At the same time, Rome, the other regional power seeking to control Armenia, saw the value in permitting the spread of Christianity as a means to maintain Armenia’s independence from Persia. Finally, a monotheistic religion with the monarch as God’s representative on earth might well instil greater loyalties from his nobles and people in general. As it turned out, the Armenian Church became an independent institution with noble families providing its key figures and monasteries able to achieve self-sufficiency through their own landed estates.
As we have seen Christianity entered Armenia and spread outwards via two principal routes, from the southern provinces northwards and from the capital outwards. To further complicate matters, there were also two variants of the faith, as here explained by the historian S. Payaslian:
The southern Armenian form of Christianity was oriented more toward the masses, espoused more democratic ecclesiastical principles and communal philosophy, and was therefore less amenable to rigid institutional hierarchy…but it was the western, Greco-Roman form of Christianity, which entered Armenia by way of Cappadocia, that superseded the southern church and established its ecclesiastical hegemony in Armenia. (35)
Saint Gregory, was, of course, an exponent of the western form of the faith.
For ordinary people, besides the obvious replacement of traditional gods and pagan temples, there were also social changes which directly affected them. One notable area was marriage as the Christian church formalised the institution and made it necessary for the couple to legalise their union through the swearing of vows which adhered to the Christian doctrine. Even the choice of partner was more limited as partners now had to come from outside one’s family with the exception that a widow might marry her brother-in-law. Polygamy, which had not been uncommon, was also prohibited. Other traditional rituals which were now forbidden included lamentations for the dead and mourning dances during which mourners often cut their faces and arms. The Church brought benefits as well as restrictions, though, setting up hospitals, hostels, orphanages, and leprosaria for the poor and sick.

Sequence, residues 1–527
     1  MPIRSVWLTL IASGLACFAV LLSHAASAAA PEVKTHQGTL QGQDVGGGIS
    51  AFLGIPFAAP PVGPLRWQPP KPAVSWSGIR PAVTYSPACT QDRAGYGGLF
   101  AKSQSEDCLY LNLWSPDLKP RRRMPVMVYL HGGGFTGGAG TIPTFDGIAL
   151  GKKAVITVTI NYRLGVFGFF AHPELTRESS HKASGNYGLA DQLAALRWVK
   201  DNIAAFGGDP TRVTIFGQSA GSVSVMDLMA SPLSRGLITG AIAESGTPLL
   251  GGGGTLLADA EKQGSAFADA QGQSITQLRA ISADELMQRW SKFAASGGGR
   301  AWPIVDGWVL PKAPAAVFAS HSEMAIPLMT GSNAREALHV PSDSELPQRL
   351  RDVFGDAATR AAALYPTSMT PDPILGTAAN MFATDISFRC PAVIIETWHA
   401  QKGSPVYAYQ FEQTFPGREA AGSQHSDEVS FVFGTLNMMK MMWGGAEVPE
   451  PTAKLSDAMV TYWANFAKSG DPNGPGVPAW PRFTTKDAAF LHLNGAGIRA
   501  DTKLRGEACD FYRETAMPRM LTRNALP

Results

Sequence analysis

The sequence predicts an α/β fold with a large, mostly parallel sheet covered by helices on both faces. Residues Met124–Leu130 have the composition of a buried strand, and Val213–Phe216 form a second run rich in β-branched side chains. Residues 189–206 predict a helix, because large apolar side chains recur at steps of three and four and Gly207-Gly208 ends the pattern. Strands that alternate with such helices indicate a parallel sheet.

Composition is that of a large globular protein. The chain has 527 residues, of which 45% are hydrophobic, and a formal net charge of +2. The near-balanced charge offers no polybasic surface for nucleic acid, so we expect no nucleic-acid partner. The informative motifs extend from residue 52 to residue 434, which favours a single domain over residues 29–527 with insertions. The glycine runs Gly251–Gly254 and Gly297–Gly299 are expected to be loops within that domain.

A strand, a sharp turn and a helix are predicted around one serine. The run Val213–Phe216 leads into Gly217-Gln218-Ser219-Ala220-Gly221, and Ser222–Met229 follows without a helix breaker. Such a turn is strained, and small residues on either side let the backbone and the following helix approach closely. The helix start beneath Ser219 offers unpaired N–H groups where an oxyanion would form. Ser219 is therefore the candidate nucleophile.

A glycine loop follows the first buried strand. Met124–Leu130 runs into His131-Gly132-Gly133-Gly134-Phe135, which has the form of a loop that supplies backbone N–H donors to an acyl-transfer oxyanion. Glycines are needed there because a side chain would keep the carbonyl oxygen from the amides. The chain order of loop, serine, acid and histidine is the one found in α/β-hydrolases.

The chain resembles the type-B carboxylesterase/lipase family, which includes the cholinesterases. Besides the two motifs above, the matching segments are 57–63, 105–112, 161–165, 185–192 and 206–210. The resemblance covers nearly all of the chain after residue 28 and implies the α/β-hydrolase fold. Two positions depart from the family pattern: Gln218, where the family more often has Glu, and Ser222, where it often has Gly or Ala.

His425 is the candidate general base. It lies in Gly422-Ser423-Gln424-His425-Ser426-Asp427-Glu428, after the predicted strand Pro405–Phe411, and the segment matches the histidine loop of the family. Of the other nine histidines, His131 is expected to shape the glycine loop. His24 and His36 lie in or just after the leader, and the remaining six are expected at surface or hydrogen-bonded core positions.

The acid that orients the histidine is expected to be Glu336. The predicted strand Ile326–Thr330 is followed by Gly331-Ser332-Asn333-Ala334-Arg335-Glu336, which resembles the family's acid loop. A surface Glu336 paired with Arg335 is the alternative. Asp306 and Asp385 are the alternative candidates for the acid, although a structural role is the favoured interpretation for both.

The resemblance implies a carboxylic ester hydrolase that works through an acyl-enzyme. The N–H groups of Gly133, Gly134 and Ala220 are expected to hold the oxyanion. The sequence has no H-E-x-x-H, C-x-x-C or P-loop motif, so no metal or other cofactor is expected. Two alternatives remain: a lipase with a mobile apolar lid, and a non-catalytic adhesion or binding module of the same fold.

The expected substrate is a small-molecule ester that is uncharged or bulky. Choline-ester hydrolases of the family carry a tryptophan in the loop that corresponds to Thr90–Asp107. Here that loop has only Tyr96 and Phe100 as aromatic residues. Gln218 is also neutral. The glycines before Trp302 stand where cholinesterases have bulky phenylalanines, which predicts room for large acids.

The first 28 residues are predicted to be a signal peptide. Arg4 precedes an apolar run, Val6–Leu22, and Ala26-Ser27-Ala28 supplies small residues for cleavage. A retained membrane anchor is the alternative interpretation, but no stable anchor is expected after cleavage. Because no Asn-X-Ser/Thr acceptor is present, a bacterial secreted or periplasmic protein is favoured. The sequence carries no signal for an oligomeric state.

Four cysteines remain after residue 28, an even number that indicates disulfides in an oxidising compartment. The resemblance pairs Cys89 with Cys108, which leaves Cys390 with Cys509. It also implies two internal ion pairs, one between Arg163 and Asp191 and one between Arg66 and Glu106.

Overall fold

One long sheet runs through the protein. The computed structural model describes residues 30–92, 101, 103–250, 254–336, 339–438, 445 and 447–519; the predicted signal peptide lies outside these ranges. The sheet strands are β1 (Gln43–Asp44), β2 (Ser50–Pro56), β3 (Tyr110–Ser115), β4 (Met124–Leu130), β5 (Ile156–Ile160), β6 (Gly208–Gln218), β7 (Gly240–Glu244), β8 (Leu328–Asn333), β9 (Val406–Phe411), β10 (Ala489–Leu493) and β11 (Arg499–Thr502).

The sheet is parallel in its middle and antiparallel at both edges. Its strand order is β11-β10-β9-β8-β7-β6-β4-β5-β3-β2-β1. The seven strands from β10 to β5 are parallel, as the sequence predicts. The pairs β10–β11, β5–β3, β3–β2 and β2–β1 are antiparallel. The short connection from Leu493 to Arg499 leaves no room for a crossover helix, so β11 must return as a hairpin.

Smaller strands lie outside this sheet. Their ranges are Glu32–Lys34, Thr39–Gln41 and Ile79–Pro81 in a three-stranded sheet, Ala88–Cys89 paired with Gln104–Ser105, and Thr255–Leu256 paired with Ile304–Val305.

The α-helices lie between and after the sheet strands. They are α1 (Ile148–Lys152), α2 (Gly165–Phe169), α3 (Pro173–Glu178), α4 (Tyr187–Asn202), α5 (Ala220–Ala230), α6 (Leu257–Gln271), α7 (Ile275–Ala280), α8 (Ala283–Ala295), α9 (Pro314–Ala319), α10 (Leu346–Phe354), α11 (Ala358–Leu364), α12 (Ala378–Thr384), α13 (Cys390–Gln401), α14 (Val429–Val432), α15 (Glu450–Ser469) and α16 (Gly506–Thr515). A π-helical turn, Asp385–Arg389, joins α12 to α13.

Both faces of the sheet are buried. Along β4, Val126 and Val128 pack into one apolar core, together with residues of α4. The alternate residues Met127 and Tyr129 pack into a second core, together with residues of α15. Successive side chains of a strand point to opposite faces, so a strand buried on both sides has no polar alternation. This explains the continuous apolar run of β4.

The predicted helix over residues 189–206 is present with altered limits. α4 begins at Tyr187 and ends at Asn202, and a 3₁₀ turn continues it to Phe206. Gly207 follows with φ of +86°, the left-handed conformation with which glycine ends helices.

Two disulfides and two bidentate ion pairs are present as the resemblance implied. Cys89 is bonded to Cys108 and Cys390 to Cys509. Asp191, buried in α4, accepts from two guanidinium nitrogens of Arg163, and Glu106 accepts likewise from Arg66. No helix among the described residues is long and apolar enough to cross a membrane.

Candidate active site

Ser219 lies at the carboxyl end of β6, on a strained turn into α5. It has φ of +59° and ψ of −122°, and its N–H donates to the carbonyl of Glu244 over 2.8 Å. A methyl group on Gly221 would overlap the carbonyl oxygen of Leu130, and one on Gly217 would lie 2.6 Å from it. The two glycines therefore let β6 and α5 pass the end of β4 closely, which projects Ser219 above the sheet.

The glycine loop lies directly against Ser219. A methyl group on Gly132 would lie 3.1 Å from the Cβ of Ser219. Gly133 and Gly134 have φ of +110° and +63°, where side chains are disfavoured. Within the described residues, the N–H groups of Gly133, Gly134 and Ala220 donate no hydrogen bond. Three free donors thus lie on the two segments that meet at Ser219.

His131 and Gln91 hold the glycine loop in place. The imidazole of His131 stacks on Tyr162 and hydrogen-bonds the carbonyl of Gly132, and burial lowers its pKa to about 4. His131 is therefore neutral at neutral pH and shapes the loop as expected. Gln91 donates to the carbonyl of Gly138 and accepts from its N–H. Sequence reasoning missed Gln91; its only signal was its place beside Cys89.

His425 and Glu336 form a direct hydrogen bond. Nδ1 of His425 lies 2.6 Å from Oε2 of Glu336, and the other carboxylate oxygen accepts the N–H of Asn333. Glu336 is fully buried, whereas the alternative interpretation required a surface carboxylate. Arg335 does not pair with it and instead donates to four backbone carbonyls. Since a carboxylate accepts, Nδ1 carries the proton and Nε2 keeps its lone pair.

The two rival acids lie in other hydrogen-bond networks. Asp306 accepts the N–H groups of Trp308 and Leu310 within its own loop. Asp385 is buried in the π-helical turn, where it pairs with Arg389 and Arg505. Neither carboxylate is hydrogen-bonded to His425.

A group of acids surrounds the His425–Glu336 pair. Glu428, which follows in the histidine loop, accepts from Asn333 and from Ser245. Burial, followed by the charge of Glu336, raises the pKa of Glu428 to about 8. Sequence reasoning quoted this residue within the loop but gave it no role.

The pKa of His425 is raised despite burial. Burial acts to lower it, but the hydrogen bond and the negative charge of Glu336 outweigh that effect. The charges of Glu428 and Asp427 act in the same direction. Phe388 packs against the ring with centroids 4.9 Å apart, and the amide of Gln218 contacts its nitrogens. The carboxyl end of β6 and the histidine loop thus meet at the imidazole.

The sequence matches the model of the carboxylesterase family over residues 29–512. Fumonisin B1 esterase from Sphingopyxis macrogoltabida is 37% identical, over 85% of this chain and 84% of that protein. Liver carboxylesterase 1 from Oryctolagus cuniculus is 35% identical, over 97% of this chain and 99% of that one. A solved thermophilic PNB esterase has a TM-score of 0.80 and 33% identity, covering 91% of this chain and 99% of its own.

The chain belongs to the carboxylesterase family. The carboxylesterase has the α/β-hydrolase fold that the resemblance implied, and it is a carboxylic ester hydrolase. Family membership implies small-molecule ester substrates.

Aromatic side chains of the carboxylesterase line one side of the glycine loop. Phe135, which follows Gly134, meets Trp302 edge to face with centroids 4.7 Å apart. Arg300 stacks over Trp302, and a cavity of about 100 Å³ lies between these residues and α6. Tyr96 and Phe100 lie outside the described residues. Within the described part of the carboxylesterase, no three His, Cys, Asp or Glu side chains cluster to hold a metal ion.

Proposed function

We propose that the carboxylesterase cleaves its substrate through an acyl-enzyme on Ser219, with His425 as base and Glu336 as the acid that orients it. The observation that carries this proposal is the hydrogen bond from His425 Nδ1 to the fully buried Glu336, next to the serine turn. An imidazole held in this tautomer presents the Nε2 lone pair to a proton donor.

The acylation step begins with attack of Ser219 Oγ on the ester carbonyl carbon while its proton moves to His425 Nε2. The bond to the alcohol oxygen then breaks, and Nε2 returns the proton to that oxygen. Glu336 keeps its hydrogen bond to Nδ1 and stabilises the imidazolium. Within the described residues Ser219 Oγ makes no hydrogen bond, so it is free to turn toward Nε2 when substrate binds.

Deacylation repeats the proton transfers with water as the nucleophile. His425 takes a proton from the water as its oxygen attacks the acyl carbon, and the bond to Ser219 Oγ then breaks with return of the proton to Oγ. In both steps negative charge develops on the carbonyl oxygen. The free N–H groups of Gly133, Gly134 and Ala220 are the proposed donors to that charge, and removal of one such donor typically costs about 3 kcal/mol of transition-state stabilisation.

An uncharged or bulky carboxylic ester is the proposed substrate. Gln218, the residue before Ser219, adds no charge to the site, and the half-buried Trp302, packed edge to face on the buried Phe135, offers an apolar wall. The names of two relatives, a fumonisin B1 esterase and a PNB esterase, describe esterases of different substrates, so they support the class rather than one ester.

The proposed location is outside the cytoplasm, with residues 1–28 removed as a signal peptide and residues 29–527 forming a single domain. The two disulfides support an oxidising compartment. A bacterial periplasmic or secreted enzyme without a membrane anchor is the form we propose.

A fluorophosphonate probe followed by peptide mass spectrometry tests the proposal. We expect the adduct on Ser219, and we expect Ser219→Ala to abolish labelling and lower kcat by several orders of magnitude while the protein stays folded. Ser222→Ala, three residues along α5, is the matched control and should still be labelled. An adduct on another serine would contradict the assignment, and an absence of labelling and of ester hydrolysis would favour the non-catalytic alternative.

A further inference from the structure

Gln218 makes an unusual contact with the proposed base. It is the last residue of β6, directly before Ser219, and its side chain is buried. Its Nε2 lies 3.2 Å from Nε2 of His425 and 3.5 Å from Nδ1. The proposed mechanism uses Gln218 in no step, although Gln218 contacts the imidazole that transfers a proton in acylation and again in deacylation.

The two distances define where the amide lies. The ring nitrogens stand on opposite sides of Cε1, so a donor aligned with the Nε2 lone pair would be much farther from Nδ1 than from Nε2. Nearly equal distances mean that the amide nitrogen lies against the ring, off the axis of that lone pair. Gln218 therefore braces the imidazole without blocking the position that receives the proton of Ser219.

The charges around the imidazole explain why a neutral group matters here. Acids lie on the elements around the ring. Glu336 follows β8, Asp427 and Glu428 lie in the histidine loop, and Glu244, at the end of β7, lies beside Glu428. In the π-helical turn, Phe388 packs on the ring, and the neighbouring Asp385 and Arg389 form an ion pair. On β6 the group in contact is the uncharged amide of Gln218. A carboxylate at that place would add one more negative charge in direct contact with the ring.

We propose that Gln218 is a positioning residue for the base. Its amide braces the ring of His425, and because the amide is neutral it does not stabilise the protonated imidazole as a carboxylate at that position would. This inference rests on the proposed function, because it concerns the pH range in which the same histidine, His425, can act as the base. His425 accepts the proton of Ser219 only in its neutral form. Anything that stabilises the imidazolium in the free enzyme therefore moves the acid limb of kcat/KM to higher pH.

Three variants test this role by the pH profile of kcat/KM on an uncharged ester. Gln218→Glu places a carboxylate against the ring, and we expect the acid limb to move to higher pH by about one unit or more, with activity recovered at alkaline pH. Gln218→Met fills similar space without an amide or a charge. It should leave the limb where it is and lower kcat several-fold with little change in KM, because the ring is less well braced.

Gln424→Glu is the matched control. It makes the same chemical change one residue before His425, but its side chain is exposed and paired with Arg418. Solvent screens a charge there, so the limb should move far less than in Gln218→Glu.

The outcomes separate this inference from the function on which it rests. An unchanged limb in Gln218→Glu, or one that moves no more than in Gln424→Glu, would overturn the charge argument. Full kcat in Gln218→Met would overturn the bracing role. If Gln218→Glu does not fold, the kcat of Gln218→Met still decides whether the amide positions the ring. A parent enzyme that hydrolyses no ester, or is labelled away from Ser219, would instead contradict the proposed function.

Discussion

Mesrop Mashtots and the Armenian Alphabet
By the early 5th century CE Christianity in Armenia was given a great boost by the invention of the Armenian alphabet by the scholar-clergyman Mesrop Mashtots (360/370 – c. 440 CE). Mashtots, with full state and church backing, created a new script with the primary purpose of allowing the common people to read the Bible and other Christian texts in their own spoken language, which at that time had no written form. The ultimate consequence of this approach to spreading the gospel through language is here summarised by S. Payaslian:
The following years witnessed enormous efforts by learned religious leaders and scholars to translate Greek and Syriac Christian texts into Armenian and to strengthen the new national culture through Armenianization. The church gradually gained control over Armenian culture, literature and education and, with the support of the state, instituted a Christian hegemonic, “totalising discourse”. Armenian culture, identity, and history came to be viewed nearly exclusively through the prism of Christian theology. (40)
- Adalian, R.P. Historical Dictionary of Armenia. (Scarecrow Press, 2010).
- Bagnall, R.S. The Encyclopedia of Ancient History. (Wiley-Blackwell, 2012)
- Hovannisian, R.G. The Armenian People from Ancient to Modern Times. (Palgrave Macmillan, 2004).
- Panossian, R. The Armenians. (Columbia University Press, 2006).
- Payaslian, S. The History of Armenia. (Palgrave Macmillan, 2008).
Originally published by the Ancient History Encyclopedia, 03.22.2018, under a Creative Commons: Attribution-NonCommercial-ShareAlike 3.0 Unported license.